This collection is an assemblage of articles from the New York Times, The Masses, and other news publications, as well as firsthand accounts from the prisoners themselves, recorded in Doris Stevens’s seminal memoir, Jailed for Freedom. Doris Stevens entered into the suffrage movement as a regional organizer for the National American Woman Suffrage Association (NAWSA) and later joined the Congressional Union for Woman Suffrage (CUWS) as executive secretary.

When the CUWS became the National Woman’s Party in 1916, Stevens was an active member, and stood for months as a Silent Sentinel at the White House, undergoing several arrests before she was sentenced to Occoquan and endured the Night of Terror. Her marriage to Dudley Field Malone, an attorney and former assistant secretary of state in the Wilson cabinet before he resigned to assist the suffrage effort, was significant in that he represented the imprisoned women and fought for their release.

Stevens’s memoir is valuable documentation of the later years of the woman suffrage movement leading up to the states’ ratification of the Nineteenth Amendment to the US Constitution. The ratification occurred a year after the amendment was passed in 1919 by Congress, declaring that “the right to vote shall not be denied or abridged by the United States or by any State on account of sex.”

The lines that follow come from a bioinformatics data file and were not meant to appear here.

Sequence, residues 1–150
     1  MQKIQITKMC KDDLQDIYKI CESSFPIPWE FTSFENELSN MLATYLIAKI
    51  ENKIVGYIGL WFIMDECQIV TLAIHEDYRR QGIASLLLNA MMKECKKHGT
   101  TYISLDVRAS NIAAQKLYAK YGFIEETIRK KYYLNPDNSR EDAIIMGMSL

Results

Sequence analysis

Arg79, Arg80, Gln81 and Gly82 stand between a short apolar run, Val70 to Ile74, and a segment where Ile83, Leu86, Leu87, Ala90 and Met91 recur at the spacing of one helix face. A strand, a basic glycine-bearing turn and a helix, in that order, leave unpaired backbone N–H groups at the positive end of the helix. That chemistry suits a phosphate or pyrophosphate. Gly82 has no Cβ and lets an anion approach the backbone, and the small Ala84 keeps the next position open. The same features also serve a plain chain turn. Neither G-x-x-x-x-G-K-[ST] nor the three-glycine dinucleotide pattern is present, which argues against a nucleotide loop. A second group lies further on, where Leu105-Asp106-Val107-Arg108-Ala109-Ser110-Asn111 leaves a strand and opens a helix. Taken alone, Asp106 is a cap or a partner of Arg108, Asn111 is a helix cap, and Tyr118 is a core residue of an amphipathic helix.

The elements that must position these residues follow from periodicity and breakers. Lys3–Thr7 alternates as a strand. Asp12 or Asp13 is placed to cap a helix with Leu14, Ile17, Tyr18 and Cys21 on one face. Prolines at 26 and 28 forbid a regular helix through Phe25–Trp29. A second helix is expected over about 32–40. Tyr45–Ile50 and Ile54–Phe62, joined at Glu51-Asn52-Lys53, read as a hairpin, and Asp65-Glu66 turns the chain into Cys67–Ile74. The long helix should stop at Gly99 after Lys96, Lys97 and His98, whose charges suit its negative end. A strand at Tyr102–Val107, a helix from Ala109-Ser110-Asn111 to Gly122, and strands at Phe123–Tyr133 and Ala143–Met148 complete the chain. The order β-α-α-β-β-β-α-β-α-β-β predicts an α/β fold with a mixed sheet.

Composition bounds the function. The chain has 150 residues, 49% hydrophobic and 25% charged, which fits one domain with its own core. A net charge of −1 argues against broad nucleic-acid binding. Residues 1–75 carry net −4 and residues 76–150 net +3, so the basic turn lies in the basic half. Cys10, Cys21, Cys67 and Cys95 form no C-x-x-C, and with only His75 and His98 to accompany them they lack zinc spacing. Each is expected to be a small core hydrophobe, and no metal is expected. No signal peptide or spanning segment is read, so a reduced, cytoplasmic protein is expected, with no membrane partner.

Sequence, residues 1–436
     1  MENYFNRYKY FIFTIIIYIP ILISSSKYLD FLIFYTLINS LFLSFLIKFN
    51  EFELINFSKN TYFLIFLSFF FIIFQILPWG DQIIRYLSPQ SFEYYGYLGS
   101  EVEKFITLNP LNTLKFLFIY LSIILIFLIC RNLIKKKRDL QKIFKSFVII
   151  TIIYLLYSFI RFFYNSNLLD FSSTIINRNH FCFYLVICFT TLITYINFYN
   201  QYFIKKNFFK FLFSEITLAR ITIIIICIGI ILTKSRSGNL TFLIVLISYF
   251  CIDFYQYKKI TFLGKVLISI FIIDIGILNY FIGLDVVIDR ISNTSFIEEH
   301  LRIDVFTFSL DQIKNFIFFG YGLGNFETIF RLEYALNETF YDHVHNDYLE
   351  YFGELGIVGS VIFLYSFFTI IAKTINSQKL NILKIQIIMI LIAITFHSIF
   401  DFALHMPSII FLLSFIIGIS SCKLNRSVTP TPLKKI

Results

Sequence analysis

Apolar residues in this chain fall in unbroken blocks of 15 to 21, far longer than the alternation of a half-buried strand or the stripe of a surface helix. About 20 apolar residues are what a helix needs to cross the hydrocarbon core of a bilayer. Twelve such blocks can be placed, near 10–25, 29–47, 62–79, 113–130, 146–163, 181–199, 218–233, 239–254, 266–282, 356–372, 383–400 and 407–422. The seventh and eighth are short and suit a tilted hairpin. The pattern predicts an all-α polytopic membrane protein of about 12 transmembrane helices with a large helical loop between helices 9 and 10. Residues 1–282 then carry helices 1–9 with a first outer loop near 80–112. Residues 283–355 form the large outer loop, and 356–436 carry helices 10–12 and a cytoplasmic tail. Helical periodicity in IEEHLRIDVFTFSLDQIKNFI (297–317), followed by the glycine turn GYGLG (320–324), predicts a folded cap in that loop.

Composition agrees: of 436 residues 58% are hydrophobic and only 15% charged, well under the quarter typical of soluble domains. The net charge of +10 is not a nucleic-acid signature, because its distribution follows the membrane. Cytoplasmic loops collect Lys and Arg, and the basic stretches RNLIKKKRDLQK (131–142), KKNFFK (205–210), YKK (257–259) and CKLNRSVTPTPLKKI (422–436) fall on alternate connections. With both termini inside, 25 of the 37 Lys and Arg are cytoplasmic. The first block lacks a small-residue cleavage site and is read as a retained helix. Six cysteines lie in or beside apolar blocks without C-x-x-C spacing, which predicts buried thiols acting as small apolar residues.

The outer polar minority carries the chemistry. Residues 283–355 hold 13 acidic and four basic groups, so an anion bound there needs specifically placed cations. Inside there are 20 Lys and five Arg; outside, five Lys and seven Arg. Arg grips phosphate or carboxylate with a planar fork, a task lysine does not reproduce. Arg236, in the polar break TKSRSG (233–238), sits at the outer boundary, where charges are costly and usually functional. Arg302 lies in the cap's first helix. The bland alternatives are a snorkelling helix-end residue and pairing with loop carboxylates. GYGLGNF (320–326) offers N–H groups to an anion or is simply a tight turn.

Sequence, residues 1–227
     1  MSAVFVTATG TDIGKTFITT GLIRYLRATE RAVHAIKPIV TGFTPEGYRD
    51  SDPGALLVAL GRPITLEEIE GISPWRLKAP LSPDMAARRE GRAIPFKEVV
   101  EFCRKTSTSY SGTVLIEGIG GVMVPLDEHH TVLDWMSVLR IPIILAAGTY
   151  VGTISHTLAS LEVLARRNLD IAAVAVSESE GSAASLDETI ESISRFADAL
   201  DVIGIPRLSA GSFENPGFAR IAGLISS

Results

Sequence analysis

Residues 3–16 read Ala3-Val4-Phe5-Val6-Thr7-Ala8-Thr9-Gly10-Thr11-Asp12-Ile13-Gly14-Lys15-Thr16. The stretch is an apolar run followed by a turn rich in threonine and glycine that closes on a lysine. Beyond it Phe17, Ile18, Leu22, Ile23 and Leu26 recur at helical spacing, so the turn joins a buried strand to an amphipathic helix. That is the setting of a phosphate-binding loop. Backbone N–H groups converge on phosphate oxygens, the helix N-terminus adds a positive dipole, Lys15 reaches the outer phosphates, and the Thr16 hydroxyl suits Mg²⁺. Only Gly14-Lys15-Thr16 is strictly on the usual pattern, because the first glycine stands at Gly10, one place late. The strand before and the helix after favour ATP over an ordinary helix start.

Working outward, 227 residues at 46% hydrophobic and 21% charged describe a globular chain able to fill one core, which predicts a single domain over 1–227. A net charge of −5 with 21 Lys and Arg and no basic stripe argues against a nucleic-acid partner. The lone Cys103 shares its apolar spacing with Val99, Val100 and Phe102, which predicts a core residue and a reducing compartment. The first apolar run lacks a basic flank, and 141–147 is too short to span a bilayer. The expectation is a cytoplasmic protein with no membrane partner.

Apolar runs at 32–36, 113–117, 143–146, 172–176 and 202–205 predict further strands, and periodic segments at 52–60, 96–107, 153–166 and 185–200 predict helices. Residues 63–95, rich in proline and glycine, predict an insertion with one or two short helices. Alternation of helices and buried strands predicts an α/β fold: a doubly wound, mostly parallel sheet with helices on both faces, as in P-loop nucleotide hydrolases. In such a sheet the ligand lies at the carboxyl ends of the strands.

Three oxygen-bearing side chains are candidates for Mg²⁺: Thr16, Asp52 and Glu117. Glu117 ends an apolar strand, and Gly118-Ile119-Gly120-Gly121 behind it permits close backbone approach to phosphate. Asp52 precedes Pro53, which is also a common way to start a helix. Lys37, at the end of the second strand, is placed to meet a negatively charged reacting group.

Arrest of suffragists

Arrest of suffragists.
Harris & Ewing Photography,
Washington, D.C., 1917.

Our commentary on activist Dorothy Day’s account of her experience at Occoquan, as published in her 1952 memoir The Long Loneliness, emphasizes the candidly introspective glimpse Day provides into what it meant to be a political prisoner for the suffrage campaign. Dorothy Day would later earn acclaim for her efforts as part of the Catholic Worker Movement, and for her reputation as a political radical.

Other features in this suite include the American Evolution video titled “Suffragists in Virginia History.” This video mentions Richmond, Virginia suffragist Adele Goodman Clark, who was also cited in the Virginia Museum of Fine Arts Artist Profile video on photographer LeRoy Henderson, published in Blackbird v16n2. In the VMFA video, Henderson recalls working in Clark’s painting studio on Chamberlayne Avenue as a young man, learning about art and activism during his tenure with her.